Apple sells four iPad models: the iPad Mini 4, the iPad, and two versions of the iPad Pro.
Unless you’re into the “mini” form factor though, most people will probably choose between the 9.7-inch iPad and the two iPad Pro models.
Here are eight reasons you should buy the most basic iPad instead of an iPad Pro.
1. Price is the most important consideration for many people — and the basic iPad looks highly appealing here.
The most basic iPad starts at roughly half the price of the most basic iPad Pro.
Here’s the breakdown:
• 9.7-inch iPad: $US329 to $US559
• 10.5-inch iPad Pro: $US649 to $US1,129
• 12.9-inch iPad Pro: $US799 to $US1,279
The higher-end iPad Pro models start getting into laptop territory, at least from a price perspective.
With that in mind, you’ll need to consider whether the advantages of the iPad Pro make sense for you.
2. The iPad Pro has new display technology, but the standard iPad display is still incredibly high quality.
One of the biggest difference between the basic iPad and iPad Pro is the display.
The iPad Pro models have Apple’s ProMotion technology, a 120 Hz refresh rate that makes everything from scrolling webpages to watching videos generally look smoother. When you’re using the Apple Pencil, that enhanced refresh rate also makes it feel as if you’re really writing on paper.
That said, the new 9.7-inch iPad still has the same Apple Pencil support, and everything looks great on that Retina display too. You might notice a difference if you’re holding the two iPads side by side, but you’re not missing much if your iPad doesn’t have ProMotion.
3. The only accessory the 9.7-inch iPad can’t connect with is Apple’s Smart Keyboard, but you’re not missing anything special there.
From an accessories standpoint, the most basic iPad can connect to almost everything the iPad Pro models can, thanks to the same Bluetooth and WiFi tech. It even supports Apple Pencil.
The only notable accessory that works only with the iPad Pro models and not the basic iPad is Apple’s Smart Keyboard.
The iPad Pro’s built-in Smart Connectors let the tablets pair to the Smart Keyboard automatically, allowing for seamless data and power transfer between the devices.
Still, the Smart Keyboard costs a whopping $US160 to start – $US170 for the 12.9-inch iPad – and there are plenty of other more affordable keyboard covers for iPad that perform similarly. I highly recommend Logitech’s Slim Folio for iPad.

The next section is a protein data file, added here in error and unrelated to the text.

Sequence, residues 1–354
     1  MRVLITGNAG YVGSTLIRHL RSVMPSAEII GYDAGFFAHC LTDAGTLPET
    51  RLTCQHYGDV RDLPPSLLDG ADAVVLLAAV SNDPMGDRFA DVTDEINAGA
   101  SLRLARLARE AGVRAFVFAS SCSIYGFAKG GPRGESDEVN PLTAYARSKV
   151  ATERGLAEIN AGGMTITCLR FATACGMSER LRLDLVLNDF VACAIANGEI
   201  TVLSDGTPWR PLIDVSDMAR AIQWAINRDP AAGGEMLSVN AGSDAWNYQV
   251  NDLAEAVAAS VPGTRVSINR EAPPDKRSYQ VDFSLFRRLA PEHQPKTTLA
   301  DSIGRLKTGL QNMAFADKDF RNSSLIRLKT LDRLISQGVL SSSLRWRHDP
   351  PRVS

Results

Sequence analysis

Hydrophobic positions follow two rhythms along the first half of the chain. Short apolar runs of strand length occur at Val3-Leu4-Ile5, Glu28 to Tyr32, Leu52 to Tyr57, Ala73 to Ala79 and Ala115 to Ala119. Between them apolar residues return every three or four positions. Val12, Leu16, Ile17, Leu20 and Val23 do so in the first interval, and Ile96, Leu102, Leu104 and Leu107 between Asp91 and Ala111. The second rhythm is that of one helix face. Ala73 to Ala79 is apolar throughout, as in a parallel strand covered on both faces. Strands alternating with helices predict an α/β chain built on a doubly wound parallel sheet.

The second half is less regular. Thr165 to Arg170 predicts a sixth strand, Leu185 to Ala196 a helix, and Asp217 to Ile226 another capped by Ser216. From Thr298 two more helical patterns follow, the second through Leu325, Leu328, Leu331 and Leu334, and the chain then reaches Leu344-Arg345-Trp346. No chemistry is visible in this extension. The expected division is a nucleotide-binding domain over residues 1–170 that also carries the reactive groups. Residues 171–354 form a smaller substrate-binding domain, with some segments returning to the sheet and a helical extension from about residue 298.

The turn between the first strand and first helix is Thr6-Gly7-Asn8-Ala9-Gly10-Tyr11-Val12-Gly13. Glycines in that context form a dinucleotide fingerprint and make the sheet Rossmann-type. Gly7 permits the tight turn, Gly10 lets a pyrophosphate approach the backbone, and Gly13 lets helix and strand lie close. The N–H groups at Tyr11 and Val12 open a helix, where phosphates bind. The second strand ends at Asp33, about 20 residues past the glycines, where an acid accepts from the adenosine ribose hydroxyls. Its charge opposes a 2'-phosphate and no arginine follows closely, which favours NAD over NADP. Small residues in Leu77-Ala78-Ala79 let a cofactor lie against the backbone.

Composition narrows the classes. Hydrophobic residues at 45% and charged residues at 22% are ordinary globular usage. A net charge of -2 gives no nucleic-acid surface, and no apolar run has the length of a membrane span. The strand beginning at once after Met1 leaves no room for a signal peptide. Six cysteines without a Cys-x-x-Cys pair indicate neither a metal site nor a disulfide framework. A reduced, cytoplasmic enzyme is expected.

4. The 9.7-inch iPad display is a classic for a reason: Bigger screens aren’t always better when it comes to tablets.
The very first iPad design, from 2010, had a 9.7-inch display.
Since then, Apple has kept that form factor and display size, though it has added plenty of other-size alternatives, like the iPad Mini and the iPad Pro.
Still, the 9.7-inch iPad seems to be the right iPad size for most people. Based on the reviews I’ve seen, including this recent one from my colleague Avery Hartmans, I believe Apple got it right the first time with the 9.7-inch display, in both its size and its portability.
Having tried both iPad Pro models, I like the 10.5-inch iPad Pro but found the 12.9-inch version too massive.
5. The iPad Pro models have better cameras — you can shoot videos in 4K and record in super slow motion in 240 frames per second. But how often are you going to be filming videos with an iPad?
You don’t need 4K quality for your home movies, and hopefully you’re not using your iPad to shoot videos in public. If you do that, please don’t. It’s embarrassing. Just use your phone instead.
6. The iPad Pro models have better FaceTime cameras, but you’re still getting HD quality on the most basic iPad.
The iPad Pro models can record video in 1080p HD, while the most basic iPad can record in 720p HD. Unless you’re filming yourself talking or you’re recording your FaceTime chats, 720p HD will be perfectly fine.
7. The basic 9.7-inch iPad and the 10.5-inch iPad Pro weigh the same, while the 12.9-inch iPad Pro is heavier.
If you’re worried about missing out on the bigger screen, consider this: The iPad is meant to be held, and bigger displays tend to be heavier.
The 9.7-inch iPad and the 10.5-inch iPad Pro weigh the same, about one pound, but the 12.9-inch iPad Pro is considerably heavier, at about 1.5 pounds.
It may not seem like much, but the iPad is meant to be carried and held often, so the extra weight adds up.
8. No matter what you buy, you’re getting the same iOS experience. The iPad Pros don’t have any notable exclusive software features over the basic iPad.
The iPad and the iPad Pro both run iOS, meaning that no matter what you buy, you’re getting the same ecosystem, App Store, and updates straight from Apple.
Interestingly enough, there are no real notable iOS features exclusive to the iPad Pro, especially now that the basic iPad supports Apple Pencil.
The only difference is that the iPad Pro models can support multitasking for three apps simultaneously, whereas trying to do that on the basic iPad will cause the two split-screen apps to grey out.
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